The work the type does is different for each. Because we are accustomed to text-forms-as-transparent, we typically are only jarred away from this default when a type design pushes up against our expectations. Think back on the last time you saw something and thought “boy, that just doesn’t work.” Setting a résumé in Comic Sans typically just does not work. Writing a set of instructions in PriceDown just does not work. Preparing a manuscript in Action Jackson typically just does not work. Letterforms carry with them conventions, and provide readers with important cues.

If we can step back a bit—as writers—from letterforms as the objects which, in combination, transparently convey meaning, and focus on letterforms as letter-forms and as graphic icons in and of themselves, we begin to see text differently. As writers, as teachers, and as new media designers whose primary education happened and primary modes of meaning making happen in text, this is an incredibly powerful move.




Allows designers to compare screen type--appearance, size, leading, color application, and more; works for all cross-platform, system-standard typefaces, and with some Windows-standard typefaces.

  common fonts

Common Fonts
Provides a list of all system-standard typefaces and allows users to preview for different systems.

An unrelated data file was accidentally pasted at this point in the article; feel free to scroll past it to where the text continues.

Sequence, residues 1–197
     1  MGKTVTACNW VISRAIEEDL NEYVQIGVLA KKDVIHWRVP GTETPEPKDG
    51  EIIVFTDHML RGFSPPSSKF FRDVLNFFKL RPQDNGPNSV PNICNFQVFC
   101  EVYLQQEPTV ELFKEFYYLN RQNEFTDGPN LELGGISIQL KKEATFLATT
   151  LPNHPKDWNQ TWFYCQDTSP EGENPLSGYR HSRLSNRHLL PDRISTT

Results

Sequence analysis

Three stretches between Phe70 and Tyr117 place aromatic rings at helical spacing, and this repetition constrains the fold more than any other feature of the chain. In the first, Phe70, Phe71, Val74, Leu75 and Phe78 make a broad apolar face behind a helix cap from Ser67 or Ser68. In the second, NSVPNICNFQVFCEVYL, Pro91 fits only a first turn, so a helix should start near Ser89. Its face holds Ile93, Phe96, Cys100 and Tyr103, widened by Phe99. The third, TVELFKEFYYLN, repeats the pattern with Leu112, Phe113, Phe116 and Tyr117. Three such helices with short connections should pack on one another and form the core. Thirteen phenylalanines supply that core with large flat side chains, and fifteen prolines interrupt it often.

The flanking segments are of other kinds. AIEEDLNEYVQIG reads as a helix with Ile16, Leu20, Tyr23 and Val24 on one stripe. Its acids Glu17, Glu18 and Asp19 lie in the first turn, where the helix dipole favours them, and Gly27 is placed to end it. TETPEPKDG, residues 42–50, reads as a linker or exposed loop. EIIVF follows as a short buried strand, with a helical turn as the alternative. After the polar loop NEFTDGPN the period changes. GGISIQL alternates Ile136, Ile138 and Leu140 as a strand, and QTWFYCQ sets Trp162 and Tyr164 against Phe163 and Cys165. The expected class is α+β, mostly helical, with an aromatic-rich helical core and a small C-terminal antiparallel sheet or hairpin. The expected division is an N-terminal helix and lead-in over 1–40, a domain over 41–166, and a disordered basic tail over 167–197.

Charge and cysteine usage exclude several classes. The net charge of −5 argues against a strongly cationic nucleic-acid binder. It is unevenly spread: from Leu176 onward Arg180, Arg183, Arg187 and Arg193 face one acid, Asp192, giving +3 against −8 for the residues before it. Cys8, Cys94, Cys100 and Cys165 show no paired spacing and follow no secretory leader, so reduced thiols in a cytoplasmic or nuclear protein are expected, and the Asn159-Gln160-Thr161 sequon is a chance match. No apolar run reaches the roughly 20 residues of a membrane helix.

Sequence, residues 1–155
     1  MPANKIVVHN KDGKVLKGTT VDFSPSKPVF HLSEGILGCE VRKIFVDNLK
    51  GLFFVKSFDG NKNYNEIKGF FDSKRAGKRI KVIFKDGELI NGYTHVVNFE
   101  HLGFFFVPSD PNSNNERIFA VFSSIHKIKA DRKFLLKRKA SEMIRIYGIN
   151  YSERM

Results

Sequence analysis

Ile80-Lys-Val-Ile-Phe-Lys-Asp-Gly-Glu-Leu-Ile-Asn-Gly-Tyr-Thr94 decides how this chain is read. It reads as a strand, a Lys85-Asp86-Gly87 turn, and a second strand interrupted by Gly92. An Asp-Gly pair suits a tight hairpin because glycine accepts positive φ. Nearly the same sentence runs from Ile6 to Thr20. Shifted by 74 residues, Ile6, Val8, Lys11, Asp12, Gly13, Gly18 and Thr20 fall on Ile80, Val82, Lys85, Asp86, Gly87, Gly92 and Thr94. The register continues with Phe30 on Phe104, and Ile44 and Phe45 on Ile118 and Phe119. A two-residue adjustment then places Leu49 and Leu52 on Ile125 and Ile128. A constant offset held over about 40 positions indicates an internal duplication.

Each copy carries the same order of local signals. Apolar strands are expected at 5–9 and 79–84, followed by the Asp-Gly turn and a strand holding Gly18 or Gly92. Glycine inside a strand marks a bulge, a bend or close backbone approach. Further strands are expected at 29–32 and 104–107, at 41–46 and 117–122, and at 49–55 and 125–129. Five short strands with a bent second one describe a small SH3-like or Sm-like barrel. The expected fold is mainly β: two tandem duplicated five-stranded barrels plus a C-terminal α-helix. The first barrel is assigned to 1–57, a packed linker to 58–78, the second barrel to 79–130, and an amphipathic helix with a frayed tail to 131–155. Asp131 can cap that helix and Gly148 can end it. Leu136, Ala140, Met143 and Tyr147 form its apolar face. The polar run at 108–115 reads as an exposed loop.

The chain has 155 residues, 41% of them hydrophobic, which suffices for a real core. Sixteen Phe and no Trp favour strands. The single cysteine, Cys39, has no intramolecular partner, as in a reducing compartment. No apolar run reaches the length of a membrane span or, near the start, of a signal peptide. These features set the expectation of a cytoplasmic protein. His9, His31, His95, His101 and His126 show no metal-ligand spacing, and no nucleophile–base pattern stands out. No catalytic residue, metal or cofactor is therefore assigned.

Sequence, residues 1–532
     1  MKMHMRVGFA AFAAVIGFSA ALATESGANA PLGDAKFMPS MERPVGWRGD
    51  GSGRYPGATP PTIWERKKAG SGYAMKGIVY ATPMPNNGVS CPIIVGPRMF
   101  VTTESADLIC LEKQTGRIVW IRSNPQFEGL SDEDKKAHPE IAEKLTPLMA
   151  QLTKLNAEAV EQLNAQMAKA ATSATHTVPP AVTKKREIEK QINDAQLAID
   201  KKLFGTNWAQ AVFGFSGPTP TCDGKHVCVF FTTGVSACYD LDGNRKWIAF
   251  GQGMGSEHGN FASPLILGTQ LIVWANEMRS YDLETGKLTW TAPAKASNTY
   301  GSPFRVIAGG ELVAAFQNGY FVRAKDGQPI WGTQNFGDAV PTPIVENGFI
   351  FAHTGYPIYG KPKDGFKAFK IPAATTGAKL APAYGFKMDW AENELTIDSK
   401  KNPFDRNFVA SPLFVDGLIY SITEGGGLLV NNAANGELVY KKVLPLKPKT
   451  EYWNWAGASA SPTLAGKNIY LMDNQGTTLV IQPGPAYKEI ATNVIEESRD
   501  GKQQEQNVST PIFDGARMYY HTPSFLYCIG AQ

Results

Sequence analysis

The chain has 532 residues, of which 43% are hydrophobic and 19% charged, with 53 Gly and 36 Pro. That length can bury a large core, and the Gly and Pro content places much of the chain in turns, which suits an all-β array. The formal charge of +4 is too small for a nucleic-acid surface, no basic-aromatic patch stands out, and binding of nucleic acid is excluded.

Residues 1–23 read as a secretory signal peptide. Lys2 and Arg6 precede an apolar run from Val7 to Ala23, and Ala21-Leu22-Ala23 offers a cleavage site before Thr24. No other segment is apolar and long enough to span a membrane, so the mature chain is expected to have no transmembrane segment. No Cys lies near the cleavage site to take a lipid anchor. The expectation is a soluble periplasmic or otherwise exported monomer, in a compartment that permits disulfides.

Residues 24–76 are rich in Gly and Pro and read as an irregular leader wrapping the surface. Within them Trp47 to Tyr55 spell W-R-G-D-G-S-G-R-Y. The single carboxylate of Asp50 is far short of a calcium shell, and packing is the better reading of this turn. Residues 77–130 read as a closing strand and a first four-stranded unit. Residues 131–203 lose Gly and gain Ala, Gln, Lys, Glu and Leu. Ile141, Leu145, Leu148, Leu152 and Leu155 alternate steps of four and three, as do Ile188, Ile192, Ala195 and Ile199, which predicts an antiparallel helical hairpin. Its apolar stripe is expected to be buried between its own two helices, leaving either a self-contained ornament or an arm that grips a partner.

type now

Themed typefaces (e.g., 28 Days Later, Walt Disney, Coca Cola); a fantastic resource for culture jammers doing digital-visual work.

  dafont dafont.com
A  massive font-download archive, organized into categories including Fancy, Techno, Basic, Script, etc.
deep font challenge Deep Font Challenge
An addictive online game where users identify typefaces for points and prestige.
  cooper black

Behind the Typeface: Cooper Black
An homage to Cooper Black; brilliant short film that provides the history and life of Cooper Black (in a VH1 Behind the Music format).

typolution Typolution
A gorgeous type piece by Olivier Beaudoin. Creates a world of type objects.
  flickr Flickr: Typographic Inspiration Pool
Font lovers unite! More than 4000 pieces of typographic inspiration.
Kinetic typography is, essentially, an artform created through animated text. Each of the examples below takes a segment from a movie or the lyrics of a song and use type design to convey the emotions, energy, and meaning within the segment.
choose Choose (Trainspotting)
  citizen cope Citizen Cope: Let the Drummer Kick
nick the greek Nick the Greek
Requiem for a Dream
serif "Who Shot the Serif?"
Anatomy of type, with emphasis on serifs. The blog has lots of other fantastic posts, information, and links.
  elements The Elements of Typographic Style Applied to the Web
As the author argues, "for too long typographic style and its accompanying attention to detail have been overlooked by website designers, particularly in body copy." The site is thus a translation and application of Robert Bringhurt's book for web typography.
typographica Typographica
Typographica "is a review of typefaces and type books, with occasional commentary on fonts and typographic design."
  smashing > fonts Smashing Magazine’s Typography Area
Graphic designers know Smashing as an incredible resource for inspiration, ideas, and best practices. The typography area delivers.